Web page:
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Peninsula Reflections

Posted: Monday, September 18, 2006

 

  Pilot Russell Merrill is shown with his plane at Tustumena Lake the morning of Sept. 16, 1929. Later that day he left Anchorage for Bethel and disappeared. Photo courtesy of Stan McLane

Pilot Russell Merrill is shown with his plane at Tustumena Lake the morning of Sept. 16, 1929. Later that day he left Anchorage for Bethel and disappeared.

Photo courtesy of Stan McLane

Kasilof is a door to Tustumena Lake, an area with more than a hundred years of hunting lore. The March 6, 1897, issue of Forrest and Stream carried a picture of 73-inch moose antlers. They were obtained by Andrew Berg, a Finnish immigrant who reached the Kenai Peninsula in 1888.

Dall DeWeese, a rich guy from Colorado, saw the picture and tracked down its source. In the fall of 1897 he hired Berg, who was working for a cannery at Kasilof, to be his guide.

The Tustumena area hunt produced moose, sheep and bear. DeWeese, it turns out, was a blabbermouth. He wrote embellished accounts of his hardships and adventures; and got them published in sport journals.

He also returned on three subsequent years, bringing his wife, Emma, one year. Lake Emma, by Indian Creek, was likely named after her. Soon rich hunters began traveling from the U.S. and Europe to hunt near Tustumena Lake. Upon reaching Kasilof they invariably hired a guide.

Alaska’s first game laws were enacted by Congress in 1902. A 1908 revision required nonresidents to purchase a license to hunt in Alaska. A further restriction applied only to the Kenai Peninsula. There, nonresident hunters were required to use a registered guide.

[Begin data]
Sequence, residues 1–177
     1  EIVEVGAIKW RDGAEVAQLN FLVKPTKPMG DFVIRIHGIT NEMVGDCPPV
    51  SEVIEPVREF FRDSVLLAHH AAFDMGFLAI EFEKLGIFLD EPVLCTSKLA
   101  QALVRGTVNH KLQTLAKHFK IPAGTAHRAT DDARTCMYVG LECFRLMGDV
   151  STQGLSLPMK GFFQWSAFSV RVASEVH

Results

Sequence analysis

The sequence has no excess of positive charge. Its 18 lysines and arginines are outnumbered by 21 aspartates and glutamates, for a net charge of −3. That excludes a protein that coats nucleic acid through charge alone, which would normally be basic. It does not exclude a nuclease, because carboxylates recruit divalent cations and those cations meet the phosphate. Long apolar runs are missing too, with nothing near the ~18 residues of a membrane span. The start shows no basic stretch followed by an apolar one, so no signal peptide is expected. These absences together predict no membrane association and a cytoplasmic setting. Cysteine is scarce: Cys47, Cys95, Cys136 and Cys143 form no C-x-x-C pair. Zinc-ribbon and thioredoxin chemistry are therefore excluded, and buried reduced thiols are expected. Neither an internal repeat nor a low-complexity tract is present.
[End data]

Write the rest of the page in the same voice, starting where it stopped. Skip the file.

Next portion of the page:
Thus, Andrew Berg received the first guide license in Alaska. In 1910 Gov. Walter Clark regulated guiding fees, setting them between $5 and $10 per day. Packers were to charge $2.50 per day. Among other prominent Tustumena Lake guides are Emil Berg (Andrew’s brother), Tom O’Dale, Windy Wagner, Slim Crocker, George Pollard and his assistant, Laine Lahndt. Many more names could be added and the economic importance of guiding was significant to Kasilof.

Guides weren’t the only hunters to use Tustumena Lake. Residents hunted here since before recorded history. In fact, what may be the biggest moose antlers to come from this area appeared in 1899, before guided hunts. These mysterious antlers have a “spread” of 78.5 inches. Ted Spraker, a retired Fish and Game biologist and current Board of Game member, is certain they came from the “bench” near Tustumena Lake. At this time no source revealed who brought in this skull. Fox farmers hunted porcupine and rabbits near Tustumena Lake in the 1920s and ’30s. Game laws forbade feeding moose to foxes.

Kenai National Moose Range, containing about 2 million acres, was established in 1941. It prohibits people from acquiring property within its boundary (which encompassed Tustumena Lake). Tustumena Lake became a “trophy” area in 1977. Since then a limited number of permits are issued each year by the Department of Fish and Game. Hunters win a chance to participate from a random drawing. The largest antlers produced by this hunt came from a moose harvested by Dan Presley of Happy Valley in 2002. Those antlers had a “spread” of 752/8 inches. The current record spread (probably from the Alaska Peninsula) is 814/8 inches.

Through the game management strategy in place, Tustumena Lake remains a wildlife treasure — and Kasilof continues to be a door to its wealth.

This column was provided by Brent Johnson with the Kasilof Historical Society. He used the following sources: www.rackmag.com/features/040920Good.html, “Adventures in Trophy Hunting”, Rack, feature story, “Never Say Never,” by Mike Handley, copyright 2006 Rack Magazine; “Alaska’s No. 1 Guide,” by Catherine Cassidy and Gary Titus, Spruce Tree Publishing, Soldotna, AK 2003.



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